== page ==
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J. I>. SIMS, "Editor and Proprietor.
Subscription Rates.?One copy, one year,
81 50; ob-j copy, six months, 75 cents:
one copy, three months, 50 cents. Ali
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Advertising Rates.?One square, first in
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tion, 50 cents. Ohituaries and Tributes
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tisements. Liberal contracts made for
three, six and twelve months.
Communications must be accompanied by
the real name and address of the writer iii
order to receive attention. No communi
cation of a personal character will be pub
.ished except as an advertisement.
For further information address
JAMES L. SIMS,
Lock Box No, 116, Orangeburg, S. C.
Mayor Rhett, of Columbia, has been
renomiriated for a third term by the
Democrats of that city. "We congratu
late the people of Columbia on their
good judgment in this matter. They
know a good officer when they get him.
'?Formerly,? says the New York
Sun, "when a member of Congress died,
his remains were interred in the Con
gressional Cetnetary east of the Capi
tol, and ^ plain and inexpensive granite
monument was erected over the spot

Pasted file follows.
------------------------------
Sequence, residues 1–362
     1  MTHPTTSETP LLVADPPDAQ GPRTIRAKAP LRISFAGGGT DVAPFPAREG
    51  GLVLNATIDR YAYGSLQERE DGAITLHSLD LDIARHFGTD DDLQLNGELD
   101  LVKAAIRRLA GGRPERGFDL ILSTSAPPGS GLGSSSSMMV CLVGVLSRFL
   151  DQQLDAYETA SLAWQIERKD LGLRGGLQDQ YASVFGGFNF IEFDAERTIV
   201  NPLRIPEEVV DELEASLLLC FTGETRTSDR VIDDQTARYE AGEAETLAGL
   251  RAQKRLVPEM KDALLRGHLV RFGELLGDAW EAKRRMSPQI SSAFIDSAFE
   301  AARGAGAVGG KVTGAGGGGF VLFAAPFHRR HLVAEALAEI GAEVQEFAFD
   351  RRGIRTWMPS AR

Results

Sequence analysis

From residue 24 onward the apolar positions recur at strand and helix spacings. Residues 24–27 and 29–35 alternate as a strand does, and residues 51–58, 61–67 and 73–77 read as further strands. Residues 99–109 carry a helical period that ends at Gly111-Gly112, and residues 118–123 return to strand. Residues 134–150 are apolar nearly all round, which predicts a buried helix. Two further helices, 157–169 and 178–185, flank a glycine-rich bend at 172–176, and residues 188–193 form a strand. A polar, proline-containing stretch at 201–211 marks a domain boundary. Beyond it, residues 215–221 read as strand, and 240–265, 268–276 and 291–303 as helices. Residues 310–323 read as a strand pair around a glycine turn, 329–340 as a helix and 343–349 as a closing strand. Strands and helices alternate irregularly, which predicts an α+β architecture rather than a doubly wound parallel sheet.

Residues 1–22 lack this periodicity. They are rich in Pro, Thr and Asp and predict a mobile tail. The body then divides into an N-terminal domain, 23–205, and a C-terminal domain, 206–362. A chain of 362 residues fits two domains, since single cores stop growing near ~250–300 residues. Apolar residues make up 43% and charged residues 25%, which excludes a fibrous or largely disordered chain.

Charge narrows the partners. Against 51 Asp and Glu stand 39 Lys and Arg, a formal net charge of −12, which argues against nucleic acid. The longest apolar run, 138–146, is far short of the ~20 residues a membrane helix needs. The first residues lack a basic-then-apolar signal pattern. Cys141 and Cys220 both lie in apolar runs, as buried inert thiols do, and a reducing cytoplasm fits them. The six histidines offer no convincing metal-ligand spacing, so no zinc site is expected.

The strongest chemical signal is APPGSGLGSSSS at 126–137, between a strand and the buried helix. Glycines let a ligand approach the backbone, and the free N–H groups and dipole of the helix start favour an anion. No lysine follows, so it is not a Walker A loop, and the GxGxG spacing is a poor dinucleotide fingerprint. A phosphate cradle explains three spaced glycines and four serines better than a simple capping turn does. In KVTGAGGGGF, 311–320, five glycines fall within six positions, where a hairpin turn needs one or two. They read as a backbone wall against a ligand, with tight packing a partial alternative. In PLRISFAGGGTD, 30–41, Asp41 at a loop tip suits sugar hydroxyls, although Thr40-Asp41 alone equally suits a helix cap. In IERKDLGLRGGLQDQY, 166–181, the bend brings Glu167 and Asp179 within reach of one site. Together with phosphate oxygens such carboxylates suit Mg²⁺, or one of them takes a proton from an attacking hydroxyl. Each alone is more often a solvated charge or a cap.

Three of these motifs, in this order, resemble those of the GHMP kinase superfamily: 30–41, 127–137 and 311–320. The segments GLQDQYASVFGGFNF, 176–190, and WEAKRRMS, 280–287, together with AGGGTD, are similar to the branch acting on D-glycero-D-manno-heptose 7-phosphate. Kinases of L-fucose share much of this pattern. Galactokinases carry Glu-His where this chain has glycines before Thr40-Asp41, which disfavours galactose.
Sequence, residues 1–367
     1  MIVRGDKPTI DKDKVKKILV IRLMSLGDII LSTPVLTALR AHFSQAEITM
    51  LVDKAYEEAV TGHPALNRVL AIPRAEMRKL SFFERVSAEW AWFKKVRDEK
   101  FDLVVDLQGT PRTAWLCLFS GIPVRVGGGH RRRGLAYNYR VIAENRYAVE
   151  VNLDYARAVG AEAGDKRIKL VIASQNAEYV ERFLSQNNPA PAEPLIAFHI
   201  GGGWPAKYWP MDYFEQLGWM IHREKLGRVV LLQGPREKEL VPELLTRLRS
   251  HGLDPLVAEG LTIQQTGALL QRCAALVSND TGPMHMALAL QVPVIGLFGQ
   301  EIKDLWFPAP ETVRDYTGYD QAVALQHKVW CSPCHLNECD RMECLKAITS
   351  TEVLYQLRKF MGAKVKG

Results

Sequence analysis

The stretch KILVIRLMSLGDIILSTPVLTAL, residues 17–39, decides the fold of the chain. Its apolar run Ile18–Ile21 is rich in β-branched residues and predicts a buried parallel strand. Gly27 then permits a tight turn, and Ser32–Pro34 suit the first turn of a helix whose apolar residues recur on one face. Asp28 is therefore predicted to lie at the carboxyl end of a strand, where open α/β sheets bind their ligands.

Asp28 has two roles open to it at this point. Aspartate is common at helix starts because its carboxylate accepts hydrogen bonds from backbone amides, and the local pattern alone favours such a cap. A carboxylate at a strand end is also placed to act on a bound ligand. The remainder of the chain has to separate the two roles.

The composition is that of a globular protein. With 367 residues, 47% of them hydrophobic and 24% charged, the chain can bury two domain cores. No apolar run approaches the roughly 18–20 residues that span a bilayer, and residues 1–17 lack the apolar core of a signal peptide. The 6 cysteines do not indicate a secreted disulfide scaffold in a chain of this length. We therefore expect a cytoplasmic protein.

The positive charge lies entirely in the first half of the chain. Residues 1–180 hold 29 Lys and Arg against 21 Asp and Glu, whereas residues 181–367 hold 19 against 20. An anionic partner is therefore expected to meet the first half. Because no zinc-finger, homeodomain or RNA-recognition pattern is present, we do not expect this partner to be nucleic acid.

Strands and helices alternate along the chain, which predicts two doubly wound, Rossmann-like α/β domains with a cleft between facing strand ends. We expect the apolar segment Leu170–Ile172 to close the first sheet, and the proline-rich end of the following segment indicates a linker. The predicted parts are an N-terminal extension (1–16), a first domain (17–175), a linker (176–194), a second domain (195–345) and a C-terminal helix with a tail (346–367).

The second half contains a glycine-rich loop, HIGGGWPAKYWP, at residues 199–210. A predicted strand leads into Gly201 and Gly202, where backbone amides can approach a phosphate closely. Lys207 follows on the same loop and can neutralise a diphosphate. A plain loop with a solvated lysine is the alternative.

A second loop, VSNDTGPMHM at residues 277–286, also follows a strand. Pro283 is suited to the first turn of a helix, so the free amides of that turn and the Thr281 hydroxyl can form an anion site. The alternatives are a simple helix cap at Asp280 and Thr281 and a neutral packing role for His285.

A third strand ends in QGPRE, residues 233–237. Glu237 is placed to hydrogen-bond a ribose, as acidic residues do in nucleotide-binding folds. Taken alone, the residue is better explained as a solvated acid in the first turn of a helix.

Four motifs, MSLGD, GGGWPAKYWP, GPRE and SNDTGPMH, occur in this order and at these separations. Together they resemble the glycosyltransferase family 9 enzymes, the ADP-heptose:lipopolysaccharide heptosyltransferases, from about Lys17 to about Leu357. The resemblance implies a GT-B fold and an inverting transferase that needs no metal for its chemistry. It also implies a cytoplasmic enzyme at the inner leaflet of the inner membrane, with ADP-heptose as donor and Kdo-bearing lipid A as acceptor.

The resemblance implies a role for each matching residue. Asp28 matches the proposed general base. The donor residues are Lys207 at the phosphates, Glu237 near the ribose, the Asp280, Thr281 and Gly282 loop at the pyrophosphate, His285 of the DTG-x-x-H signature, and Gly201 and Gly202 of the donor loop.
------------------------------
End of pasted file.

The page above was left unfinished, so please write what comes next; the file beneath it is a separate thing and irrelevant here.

of burial." But that was .before the
days of parlor cars with a buffet at on.
Capt B. It. Tillmau says "the far
mers" movement in this State is not
aimed at the Democratic party; that
the farmers who are interested in this
movement are Democrats, and will
fight their battles inside the party
ranks at the primaries and in conven
tion, and that If they are whipped they
will vote the Democratic ticket and try
to be more successful the next time."
Mrs. Virginia Thompson, who is
making a hard fight for a third term in
the Louisville post office is a lady with
an exceptional gift for politics. She is
remarkable not only for being a daugh
ter of Alexander Campbell, the famous
preacher, but for strong Republicanism
joined to a disposition so' provident of
the future that she contributed liberal
ly in 1884 to the campaign funds of
The New York Star, the only real
leading Democratic paper in the great
commercial and political centre, has
good hope that the President will pro
tect the Constitution and veto the Edu
cutional Grab bill if it should pass the
House. It will certainly prove Mr
Cleveland's opportunity, but whether
he is grounded enough in the bed rock
principles of Madison, Jefferson, Jack
son, Calhoun and Black to use his pow-.
er in the endeavor to prevent a great
evil we cannot anticipate.
One branch of the Signal Service
system deserves special encouragement,
and Southern people are directly inter
ested. It is the proposed < method of
predicting and flagging cyclones and
tornadoes, and if it can be developed
into anything like reasonable certainty
new appropriations should be made.
The subject is profoundly interesting
and valuable, because it is claimed,